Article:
It’s disheartening to know within the first five minutes of a movie that it’s going to be a mundane experience. The opening sequence of a James Bond flick is often a good indicator of how the rest of the film…
I find it difficult not to give the number one spot over to that classic slasher film that birthed the infamous killer known as Michael Myers, and tonight is no exception. The rightly-celebrated Halloween theme is as iconic as Bernard Hermann’s Psycho or John Williams’s Jaws. If Alfred Hitchcock can credit Hermann for 33% of the frightening effect of Psycho, Carpenter can credit himself for saving his movie with a terrifying score. Even divorced from the film, those quick, high piano notes overlayed with long, low tones (and that ever present staccato chirp underscoring the whole thing), instill a feeling of dread and foreboding.
Hammer Studios didn’t always produce the best scripts for their classic horror series, but when it came to timeless icons Dracula and Frankenstein, they perfectly captured the spooky, haunting atmosphere. In this follow-up to their adaptation of Bram Stoker’s novel, the thunder claps, the wind howls, the townsfolk fret and the beautiful young sex-kitten is… well, young and sexy.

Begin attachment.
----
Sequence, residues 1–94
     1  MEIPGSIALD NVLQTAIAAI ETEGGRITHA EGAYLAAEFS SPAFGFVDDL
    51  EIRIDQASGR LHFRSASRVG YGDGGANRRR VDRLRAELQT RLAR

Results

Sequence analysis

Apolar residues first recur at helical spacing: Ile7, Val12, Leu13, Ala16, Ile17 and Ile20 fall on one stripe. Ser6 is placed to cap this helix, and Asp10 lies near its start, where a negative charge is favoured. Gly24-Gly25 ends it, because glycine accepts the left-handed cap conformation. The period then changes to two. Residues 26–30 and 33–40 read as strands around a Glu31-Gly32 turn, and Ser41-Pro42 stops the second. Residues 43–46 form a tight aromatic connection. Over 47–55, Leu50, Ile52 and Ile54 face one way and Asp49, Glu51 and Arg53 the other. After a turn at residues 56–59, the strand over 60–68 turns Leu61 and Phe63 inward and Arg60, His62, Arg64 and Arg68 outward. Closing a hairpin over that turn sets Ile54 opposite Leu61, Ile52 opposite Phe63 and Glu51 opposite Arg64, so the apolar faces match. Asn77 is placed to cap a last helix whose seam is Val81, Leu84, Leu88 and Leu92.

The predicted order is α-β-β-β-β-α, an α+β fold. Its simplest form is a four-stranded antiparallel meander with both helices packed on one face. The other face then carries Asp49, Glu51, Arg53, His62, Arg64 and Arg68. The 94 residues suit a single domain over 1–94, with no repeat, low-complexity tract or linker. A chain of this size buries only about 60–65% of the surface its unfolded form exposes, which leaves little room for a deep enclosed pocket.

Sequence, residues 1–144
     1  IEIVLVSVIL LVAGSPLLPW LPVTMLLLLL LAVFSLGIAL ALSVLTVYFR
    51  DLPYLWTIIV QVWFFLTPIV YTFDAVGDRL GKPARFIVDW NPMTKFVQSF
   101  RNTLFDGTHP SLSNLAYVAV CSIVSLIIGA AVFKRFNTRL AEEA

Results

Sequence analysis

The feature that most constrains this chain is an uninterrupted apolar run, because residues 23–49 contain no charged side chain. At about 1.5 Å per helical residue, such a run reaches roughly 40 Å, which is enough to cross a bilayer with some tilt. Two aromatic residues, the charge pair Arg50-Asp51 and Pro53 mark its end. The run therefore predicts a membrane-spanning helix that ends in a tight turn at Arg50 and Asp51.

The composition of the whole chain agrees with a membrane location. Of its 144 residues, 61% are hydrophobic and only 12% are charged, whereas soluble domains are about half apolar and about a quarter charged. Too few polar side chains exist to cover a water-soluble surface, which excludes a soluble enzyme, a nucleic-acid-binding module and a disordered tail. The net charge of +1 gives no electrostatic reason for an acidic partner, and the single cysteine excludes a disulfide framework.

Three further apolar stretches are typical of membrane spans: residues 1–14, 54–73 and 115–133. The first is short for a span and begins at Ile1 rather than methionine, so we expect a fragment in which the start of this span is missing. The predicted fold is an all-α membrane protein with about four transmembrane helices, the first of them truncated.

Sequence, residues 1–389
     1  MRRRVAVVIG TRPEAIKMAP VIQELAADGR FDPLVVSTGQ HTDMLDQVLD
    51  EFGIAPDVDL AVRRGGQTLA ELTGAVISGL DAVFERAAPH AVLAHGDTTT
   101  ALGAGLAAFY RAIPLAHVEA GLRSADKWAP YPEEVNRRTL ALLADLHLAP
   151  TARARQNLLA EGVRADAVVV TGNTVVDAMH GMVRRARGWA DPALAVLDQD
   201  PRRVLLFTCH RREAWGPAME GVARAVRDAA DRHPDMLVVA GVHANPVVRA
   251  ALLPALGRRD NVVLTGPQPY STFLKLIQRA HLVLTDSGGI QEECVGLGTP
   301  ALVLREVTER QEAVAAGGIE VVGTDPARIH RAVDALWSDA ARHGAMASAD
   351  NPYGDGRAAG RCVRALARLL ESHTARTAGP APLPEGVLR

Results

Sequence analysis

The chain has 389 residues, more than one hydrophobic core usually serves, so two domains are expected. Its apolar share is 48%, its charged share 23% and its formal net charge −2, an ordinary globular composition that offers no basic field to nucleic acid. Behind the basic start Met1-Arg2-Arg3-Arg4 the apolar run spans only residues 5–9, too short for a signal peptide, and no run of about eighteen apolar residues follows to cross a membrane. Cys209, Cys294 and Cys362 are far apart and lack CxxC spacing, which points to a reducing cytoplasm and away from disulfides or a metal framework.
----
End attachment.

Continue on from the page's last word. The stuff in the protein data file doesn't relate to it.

Christopher Lee returns as the undead count, despite having been turned to ashes in the previous episode. And you thought it was only modern movie monsters like Jason that were hard to kill. Peter Cushing is absent in this follow-up, leaving Andrew Keir as the reproachful Father Sandor to take up arms against the fiendish foe.